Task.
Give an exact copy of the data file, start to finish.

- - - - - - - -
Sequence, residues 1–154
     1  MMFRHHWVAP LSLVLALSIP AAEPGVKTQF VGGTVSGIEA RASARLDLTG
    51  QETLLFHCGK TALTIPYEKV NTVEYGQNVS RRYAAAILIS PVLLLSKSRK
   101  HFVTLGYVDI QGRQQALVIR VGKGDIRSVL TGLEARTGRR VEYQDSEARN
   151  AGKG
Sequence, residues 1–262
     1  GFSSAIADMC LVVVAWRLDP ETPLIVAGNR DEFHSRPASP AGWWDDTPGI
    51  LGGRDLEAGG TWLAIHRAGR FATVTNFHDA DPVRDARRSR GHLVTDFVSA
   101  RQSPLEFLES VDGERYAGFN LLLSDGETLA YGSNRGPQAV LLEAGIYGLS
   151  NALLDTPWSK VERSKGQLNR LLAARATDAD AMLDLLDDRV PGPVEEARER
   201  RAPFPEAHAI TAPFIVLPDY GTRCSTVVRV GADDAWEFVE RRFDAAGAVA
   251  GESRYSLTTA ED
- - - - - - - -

Sequence, residues 1–154
     1  MMFRHHWVAP LSLVLALSIP AAEPGVKTQF VGGTVSGIEA RASARLDLTG
    51  QETLLFHCGK TALTIPYEKV NTVEYGQNVS RRYAAAILIS PVLLLSKSRK
   101  HFVTLGYVDI QGRQQALVIR VGKGDIRSVL TGLEARTGRR VEYQDSEARN
   151  AGKG
Sequence, residues 1–262
     1  GFSSAIADMC LVVVAWRLDP ETPLIVAGNR DEFHSRPASP AGWWDDTPGI
    51  LGGRDLEAGG TWLAIHRAGR FATVTNFHDA DPVRDARRSR GHLVTDFVSA
   101  RQSPLEFLES VDGERYAGFN LLLSDGETLA YGSNRGPQAV LLEAGIYGLS
   151  NALLDTPWSK VERSKGQLNR LLAARATDAD AMLDLLDDRV PGPVEEARER
   201  RAPFPEAHAI TAPFIVLPDY GTRCSTVVRV GADDAWEFVE RRFDAAGAVA
   251  GESRYSLTTA ED